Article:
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Held between 5 o'clock and 7 o'clock it enabled a different and more social drinking, and especially for women. In general women did not drink during the day and if they did it was champagne with formal luncheons, but men had much more opportunities.

Madeira and sherry at mid morning, wine at lunch, sherry again in the afternoon, at dinner parties all participants drank wine or champagne with the meal but the men then went on to circulate the port, while the women, having retired from the table, usually drank tea or coffee in the drawing room. Brandy and whisky for the men during bridge or a game of billiards rounded off the day.

It was therefore daring and modern to have a party where strong drink was served, albeit mixed with (usually) quite sweet additions and the soft drink companies began to extend their ranges, while still catering for children another level emerged for the "grown ups".

Carbonated water having been around since the end of the 18th Century, by the mid 19th Century had progressed to having various flavours added such as ginger, lemon, orange and herbs.

These had been further popularised by the inventions during the 1890s of the crown bottle cap and a glass blowing machine to mass produce glass bottles. With the advent of cocktails, sparkling soft drinks began to acquire a more sophisticated image on being used as mixers to dilute the strong liquors that were the basis of all the drinks.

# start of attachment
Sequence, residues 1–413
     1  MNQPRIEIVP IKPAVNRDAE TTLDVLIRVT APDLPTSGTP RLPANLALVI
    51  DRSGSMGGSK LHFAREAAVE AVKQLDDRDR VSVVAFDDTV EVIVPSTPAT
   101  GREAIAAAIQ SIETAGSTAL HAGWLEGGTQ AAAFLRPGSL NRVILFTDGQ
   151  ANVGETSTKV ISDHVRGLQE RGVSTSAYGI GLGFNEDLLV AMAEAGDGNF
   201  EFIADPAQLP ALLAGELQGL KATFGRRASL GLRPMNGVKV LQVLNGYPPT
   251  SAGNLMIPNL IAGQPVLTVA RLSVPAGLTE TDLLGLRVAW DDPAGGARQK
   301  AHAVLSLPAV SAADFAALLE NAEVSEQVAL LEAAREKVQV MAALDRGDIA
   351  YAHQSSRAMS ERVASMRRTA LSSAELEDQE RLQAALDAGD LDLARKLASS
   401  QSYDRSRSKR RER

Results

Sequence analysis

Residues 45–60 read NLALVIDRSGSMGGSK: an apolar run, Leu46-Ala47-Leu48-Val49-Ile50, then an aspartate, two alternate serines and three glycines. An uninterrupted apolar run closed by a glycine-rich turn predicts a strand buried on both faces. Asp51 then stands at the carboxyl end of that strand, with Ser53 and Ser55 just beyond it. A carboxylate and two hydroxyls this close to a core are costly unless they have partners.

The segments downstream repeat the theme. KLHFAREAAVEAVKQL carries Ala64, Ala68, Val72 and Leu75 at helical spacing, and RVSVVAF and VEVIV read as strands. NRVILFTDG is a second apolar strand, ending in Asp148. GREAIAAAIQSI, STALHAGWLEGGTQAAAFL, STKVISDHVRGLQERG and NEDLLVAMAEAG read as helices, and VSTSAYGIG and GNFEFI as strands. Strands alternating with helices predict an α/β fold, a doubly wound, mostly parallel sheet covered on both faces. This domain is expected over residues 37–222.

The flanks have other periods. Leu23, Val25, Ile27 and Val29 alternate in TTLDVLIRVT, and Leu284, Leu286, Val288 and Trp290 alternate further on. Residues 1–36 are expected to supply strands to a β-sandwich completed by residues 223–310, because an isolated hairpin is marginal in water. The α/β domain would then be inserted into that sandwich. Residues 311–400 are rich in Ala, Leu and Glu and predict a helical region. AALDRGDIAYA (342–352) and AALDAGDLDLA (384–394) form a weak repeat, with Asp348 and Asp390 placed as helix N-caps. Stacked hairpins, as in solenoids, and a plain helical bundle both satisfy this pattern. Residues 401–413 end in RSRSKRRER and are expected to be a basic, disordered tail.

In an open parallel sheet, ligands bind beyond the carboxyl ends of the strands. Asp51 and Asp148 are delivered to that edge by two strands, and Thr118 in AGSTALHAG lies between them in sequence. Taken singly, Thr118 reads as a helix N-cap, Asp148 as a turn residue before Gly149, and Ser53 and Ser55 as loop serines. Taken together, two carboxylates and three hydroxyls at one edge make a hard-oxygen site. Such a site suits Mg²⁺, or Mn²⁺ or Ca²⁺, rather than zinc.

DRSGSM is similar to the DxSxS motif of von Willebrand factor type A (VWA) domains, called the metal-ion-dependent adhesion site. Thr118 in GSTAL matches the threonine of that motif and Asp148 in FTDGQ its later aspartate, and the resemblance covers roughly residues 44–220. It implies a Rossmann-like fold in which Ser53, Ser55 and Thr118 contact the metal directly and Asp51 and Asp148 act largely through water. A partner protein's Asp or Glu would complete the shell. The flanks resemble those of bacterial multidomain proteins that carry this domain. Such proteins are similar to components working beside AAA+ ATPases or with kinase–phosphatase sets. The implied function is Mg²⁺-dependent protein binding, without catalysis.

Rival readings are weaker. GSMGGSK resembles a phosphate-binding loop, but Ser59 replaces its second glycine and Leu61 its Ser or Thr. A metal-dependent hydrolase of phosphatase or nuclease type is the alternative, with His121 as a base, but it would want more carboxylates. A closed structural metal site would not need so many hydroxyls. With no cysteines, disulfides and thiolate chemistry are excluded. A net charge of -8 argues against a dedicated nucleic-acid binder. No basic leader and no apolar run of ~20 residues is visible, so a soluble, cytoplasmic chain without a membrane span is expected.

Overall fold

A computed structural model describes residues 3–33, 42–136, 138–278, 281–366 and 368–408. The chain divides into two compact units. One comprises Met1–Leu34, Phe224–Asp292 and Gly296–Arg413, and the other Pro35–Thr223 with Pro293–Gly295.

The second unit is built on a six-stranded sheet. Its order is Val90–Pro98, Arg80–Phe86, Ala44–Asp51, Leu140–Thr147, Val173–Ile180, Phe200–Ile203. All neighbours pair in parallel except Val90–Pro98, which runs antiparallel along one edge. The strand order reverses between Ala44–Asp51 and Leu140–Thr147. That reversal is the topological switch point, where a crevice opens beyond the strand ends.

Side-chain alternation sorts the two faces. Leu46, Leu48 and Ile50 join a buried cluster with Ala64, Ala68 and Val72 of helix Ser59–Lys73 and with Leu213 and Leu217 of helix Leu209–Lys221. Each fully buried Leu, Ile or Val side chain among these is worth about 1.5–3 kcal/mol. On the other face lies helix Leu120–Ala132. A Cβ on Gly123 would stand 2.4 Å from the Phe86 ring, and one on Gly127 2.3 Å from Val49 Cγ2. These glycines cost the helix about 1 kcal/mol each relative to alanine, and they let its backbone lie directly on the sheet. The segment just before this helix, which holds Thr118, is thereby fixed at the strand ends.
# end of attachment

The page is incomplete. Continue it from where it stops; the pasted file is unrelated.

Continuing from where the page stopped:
Also used were Tonic (carbonated water flavoured with Quinine), Angostura Bitters, (an infusion of gentian root and herbs on a strong rum base) various syrups and cordials such as Grenadine (Pomegranate juice), Orgeat (Almond flavoured syrup) and Lime juice.

Liqueurs became popular as flavourings, mixed with the traditional spirits of gin, vodka, whisky, brandy and rum. They not only added sweetness, colour and flavour but potency as well.

Cherry Brandy, Blue Curcaco, Creme De Menthe, Peach Schnapps, Chartreuse, Mandarin Napoleon, Benedictine, Kirsch, Grand Marnier made colourful displays on the shelves behind the new cocktail bars in cocktail lounges being created in all the major hotels in London, Paris, Vienna, Nice, Monte Carlo.

This social event was an American invention which became very popular all round the world. When the London season was re-establishing itself at the beginning of the 1920's the rigidity of the pre-war season was much relaxed.

Younger sons having escaped the fate of their elder brothers and young ladies having experienced more personal freedom and not now tolerating being chaperoned everywhere, were not particularly captivated by a visit to view paintings or listen to Opera. So the cocktail party was an amusing diversion between afternoon tea and shopping and the evenings dances and parties.

1920’s Cocktail Party

In fact anywhere where the smart set congregated to dine and dance, for by now dances were no longer confined to private houses but had moved into hotels and night clubs had arrived to carry on the evenings jollity.

In America where many of the classic cocktails originated, Prohibition had led to a black market with boot leggers manufacturing liquor of sometimes very dubious quality. Bath tub gin needed a mixer to disguise the raw taste, the Orange Blossom Cocktail was the original gin and orange drink created to mask the ghastly flavour of the "moonshine".

The cocktails created during the Depression have named very evocative of their time and a lot are still popular today. Names for movie stars, famous people or the places they were first invented - Singapore Sling, Blue Hawaiian, Amsterdam, Moscow Mule, Manhattan, Bonnie Prince Charlie, Rob Roy, Tom Collins, Charlie Chaplin, Mary Pickford.

The bright young things downed them all before going on to charleston the night away, for along with the cocktails came JAZZ!